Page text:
Each week, we bring you the latest whisky news on WhiskyCast, but a lot can happen during the week. Now, you can keep up with whisky news as it happens here on WhiskyCast.com!
January 13, 2017 – Tourism promoters in Louisville, Kentucky have no problems with reported plans for a new Bourbon-flavored Ben & Jerry’s ice cream to be named “Urban Bourbon.” In fact, they’re almost salivating at the thought. The Louisville Convention & Visitors Bureau holds a trademark for “Urban Bourbon” to promote the city’s Urban Bourbon Trail, a network of 35 local bars and restaurants that offer extensive Bourbon selections or feature whiskey as a key ingredient in their menu selections.
The Vermont-based ice cream company is reportedly planning to introduce its “Urban Bourbon” ice cream later this year, though it has not confirmed that following an Instagram post by @candyhunting last week showing the label for the new flavor.
According to Stacey Yates of the Louisville Convention & Visitors Bureau, the law firm that handles the agency’s trademark registrations has been tracking the Ben & Jerry’s project for at least two years as the ice cream company explored possible names. In mid-2016, they had to make a decision on whether to challenge Ben & Jerry’s application to use the “Urban Bourbon” trademark in the food category.
“We own the trademark for use as a tourism destination, so we are very aggressively going to protect that to keep other cities from having their own “Urban Bourbon” anything…we want to have our stake in the sand on that, but we decided that we are a tourism organization,” she said. “We are not looking to get into the food production business and have jams, jellies, sauces, ice cream, or anything like that, and unless we were going to do that and then show that we had, then we really didn’t have standing to keep that mark parked.”
However, Yates also admits there was an even more logical reason for not challenging Ben & Jerry’s. “Since we’re not going to ever produce ice cream, it wouldn’t be a bad idea to have a national brand, especially one that has such a halo effect as Ben & Jerry’s, to be out there pushing an “Urban Bourbon” ice cream and if anyone correlates that back to Bourbon Country, yay for us!” It should be noted that “Bourbon Country” is another tourism-related trademark owned by the agency.
Trademarks can be issued across a wide range of product categories or services, but are generally issued to only one owner in a specific category, such as the trademark the Louisville CVB owns for “Urban Bourbon” in the tourism category. However, a trademark owner can lose those rights if the mark is not used for a specific period of time – usually five years.
The Louisville CVB originally owned the trademark to “Urban Bourbon Trail” as well, but Yates said the agency transferred the rights to that trademark to the Kentucky Distillers Association several years ago. At the time, the KDA was involved in litigation over its trademark for the “Kentucky Bourbon Trail” and was advised by lawyers to secure the rights to “Urban Bourbon Trail” to help build its case. The agreement gives the Louisville CVB the exclusive rights to use the “Urban Bourbon Trail” trademark in exchange for a $1 per year licensing fee. The CVB also has a similar licensing agreement for its “Urban Bourbon” trademark with the organizers of the Urban Bourbon Half Marathon held in Louisville each October.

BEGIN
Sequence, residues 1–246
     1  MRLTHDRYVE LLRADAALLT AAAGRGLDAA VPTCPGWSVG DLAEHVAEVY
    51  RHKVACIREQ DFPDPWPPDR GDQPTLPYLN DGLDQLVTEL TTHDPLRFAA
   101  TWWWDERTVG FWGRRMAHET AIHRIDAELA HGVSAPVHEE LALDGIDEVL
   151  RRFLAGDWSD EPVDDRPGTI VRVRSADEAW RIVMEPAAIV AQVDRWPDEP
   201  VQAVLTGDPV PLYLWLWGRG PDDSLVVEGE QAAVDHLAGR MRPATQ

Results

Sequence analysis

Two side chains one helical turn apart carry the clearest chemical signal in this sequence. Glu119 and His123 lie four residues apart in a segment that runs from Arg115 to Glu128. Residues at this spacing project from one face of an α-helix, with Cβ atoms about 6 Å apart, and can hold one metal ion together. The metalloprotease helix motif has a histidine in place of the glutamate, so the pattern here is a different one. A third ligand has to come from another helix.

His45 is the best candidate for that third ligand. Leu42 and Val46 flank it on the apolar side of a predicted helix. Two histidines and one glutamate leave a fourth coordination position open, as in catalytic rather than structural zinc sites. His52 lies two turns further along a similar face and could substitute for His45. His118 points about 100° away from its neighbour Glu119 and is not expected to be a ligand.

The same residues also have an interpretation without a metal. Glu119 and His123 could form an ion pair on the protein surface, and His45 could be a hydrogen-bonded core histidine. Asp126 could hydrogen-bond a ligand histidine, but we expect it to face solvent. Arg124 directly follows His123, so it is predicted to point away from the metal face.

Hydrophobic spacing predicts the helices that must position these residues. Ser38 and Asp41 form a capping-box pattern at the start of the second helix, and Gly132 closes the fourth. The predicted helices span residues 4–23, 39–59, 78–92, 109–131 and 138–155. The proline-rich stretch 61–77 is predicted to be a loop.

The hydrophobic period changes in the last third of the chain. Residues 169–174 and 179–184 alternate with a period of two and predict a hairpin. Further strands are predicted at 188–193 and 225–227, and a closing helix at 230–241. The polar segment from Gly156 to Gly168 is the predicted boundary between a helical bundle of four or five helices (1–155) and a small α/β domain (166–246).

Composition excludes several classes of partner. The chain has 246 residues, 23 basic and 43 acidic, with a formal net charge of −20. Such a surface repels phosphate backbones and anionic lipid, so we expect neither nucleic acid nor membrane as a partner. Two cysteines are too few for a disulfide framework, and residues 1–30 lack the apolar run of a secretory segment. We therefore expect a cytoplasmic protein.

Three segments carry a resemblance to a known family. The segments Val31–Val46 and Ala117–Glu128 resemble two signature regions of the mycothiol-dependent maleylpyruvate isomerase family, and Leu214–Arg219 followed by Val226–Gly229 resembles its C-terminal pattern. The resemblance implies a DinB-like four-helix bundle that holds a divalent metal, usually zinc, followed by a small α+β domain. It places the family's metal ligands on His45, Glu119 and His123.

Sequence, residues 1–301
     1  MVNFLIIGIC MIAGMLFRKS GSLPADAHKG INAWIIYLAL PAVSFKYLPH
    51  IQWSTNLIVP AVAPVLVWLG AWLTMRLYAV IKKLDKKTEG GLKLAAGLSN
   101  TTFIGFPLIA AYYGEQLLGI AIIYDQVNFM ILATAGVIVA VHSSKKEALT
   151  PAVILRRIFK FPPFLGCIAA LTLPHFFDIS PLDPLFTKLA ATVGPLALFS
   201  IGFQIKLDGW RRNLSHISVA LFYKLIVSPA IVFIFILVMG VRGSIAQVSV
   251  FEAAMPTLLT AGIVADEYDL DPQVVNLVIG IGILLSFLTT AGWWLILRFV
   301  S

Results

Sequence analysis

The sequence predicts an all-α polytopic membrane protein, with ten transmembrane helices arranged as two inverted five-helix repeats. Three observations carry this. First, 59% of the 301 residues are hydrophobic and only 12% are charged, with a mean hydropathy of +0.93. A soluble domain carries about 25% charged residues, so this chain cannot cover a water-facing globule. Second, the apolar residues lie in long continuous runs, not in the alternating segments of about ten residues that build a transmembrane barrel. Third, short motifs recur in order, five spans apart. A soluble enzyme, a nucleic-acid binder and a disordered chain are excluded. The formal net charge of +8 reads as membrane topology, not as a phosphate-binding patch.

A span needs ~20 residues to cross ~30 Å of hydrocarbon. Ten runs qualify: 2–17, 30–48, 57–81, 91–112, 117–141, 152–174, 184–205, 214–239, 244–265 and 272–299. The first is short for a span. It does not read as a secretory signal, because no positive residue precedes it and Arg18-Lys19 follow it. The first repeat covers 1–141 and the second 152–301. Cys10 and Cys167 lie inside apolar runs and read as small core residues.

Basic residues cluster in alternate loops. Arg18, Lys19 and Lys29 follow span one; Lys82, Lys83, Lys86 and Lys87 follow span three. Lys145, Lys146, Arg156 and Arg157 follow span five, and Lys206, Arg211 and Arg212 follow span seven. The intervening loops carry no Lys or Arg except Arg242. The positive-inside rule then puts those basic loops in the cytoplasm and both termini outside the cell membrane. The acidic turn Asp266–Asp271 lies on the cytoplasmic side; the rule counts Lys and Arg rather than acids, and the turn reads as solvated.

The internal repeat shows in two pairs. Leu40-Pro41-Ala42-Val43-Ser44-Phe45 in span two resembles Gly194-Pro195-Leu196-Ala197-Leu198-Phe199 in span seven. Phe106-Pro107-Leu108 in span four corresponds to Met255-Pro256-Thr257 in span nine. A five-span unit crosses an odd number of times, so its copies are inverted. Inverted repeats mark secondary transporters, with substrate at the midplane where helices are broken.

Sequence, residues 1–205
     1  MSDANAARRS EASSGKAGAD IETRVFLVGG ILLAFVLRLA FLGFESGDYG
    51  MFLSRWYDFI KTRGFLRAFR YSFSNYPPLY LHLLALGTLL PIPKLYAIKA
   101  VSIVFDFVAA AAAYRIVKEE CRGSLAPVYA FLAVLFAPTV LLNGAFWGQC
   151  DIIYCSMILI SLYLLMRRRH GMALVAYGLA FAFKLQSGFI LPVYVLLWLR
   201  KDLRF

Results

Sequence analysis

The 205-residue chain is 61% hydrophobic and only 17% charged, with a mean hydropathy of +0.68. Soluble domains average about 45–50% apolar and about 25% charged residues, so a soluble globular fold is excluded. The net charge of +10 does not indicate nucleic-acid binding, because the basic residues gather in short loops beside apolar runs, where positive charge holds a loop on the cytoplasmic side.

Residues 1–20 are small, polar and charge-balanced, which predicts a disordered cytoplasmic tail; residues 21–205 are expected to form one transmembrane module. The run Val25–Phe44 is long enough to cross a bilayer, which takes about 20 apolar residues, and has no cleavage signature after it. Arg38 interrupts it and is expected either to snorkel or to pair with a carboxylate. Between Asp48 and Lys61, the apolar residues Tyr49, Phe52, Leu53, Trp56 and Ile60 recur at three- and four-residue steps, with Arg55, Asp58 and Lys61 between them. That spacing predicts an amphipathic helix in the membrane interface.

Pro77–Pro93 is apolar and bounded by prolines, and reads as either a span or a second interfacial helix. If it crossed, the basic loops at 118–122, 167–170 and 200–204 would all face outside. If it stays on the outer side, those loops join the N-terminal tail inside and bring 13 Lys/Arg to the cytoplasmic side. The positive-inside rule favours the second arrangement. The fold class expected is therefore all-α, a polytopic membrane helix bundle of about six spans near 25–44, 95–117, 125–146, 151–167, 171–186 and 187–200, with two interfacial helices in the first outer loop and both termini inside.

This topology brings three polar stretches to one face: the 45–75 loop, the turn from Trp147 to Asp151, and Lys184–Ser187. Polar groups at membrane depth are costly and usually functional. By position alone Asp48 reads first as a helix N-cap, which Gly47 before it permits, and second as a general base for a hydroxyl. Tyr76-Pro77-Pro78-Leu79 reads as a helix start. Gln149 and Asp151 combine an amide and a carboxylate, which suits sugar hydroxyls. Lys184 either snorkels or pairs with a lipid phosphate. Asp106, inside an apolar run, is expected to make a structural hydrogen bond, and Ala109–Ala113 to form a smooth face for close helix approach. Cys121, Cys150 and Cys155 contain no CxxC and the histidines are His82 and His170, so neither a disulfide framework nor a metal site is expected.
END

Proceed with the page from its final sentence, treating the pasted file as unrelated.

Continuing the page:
As for Ben & Jerry’s, Yates says the agency has not heard from the ice cream company’s marketing team about plans for the new flavor, but she is eager to discuss it with them. When asked if that might include inviting Ben & Jerry’s to hold a launch party for “Urban Bourbon” in Louisville when it is released, Yates immediately made note to have a member of her staff start working on that.
WhiskyCast has contacted Ben & Jerry’s for comment, and this story will be updated with additional information as necessary.
January 13, 2017 – While Friday the 13th is often considered an unlucky day, Colin Plint will likely never forget this Friday the 13th after paying £6,000 GBP ($7,300 USD) for a unique bottle of whisky. The Air Canada pilot and whisky collector won the bidding for a bottle of GlenDronach Scotch Whisky signed by U.S. President-elect Donald Trump that went on the auction block today at McTear’s in Glasgow. The bottle comes from a 26-year-old GlenDronach single cask purchased in 2012 by The Trump Organization to be bottled for the opening of the Trump International Golf Links resort near the distillery in Aberdeenshire.
Plint told an interviewer after the auction he had traveled to Glasgow to sell a bottle of 1964 Black Bowmore that went for £5,200 GBP ($6,342), and decided to use the proceeds from that sale to bid for the Trump bottle. “It might not be worth the full weight of the money, but it’s a story…it’s a story that I’ve taken, and the bottle will be well-received in Canada,” he said.
Before the auction, McTear’s whisky specialist Laurie Black had placed an estimate of £2,500-£3,500 GBP ($3,075-$4,300 USD) on the bottle, which was one of 504 bottles sold by the resort but was one of a limited number with a presentation box signed by Trump. Black told WhiskyCast before the auction that he believed the estimate was high, but fair given that interest in Trump is at an all-time high before his inauguration in Washington a week from today. However, a McTear’s statement today described the bidding as “fierce” with intense bidding from potential buyers online, on the phone, and in the McTear’s gallery.
In the statement, Black noted that “there was a huge amount of interest in the bottle and we were delighted with the final price, which was several times more than previous Trump bottles have sold for. The GlenDronach is a stunning whisky in its own right however, the Trump connection gave this particular bottle a presidential boost.” The only signed bottle of the “Trump Scotland” whisky that has sold at auction until now went for a high bid of £1,950 ($2,395 USD) last year at the online-only Scotch Whisky Auctions site.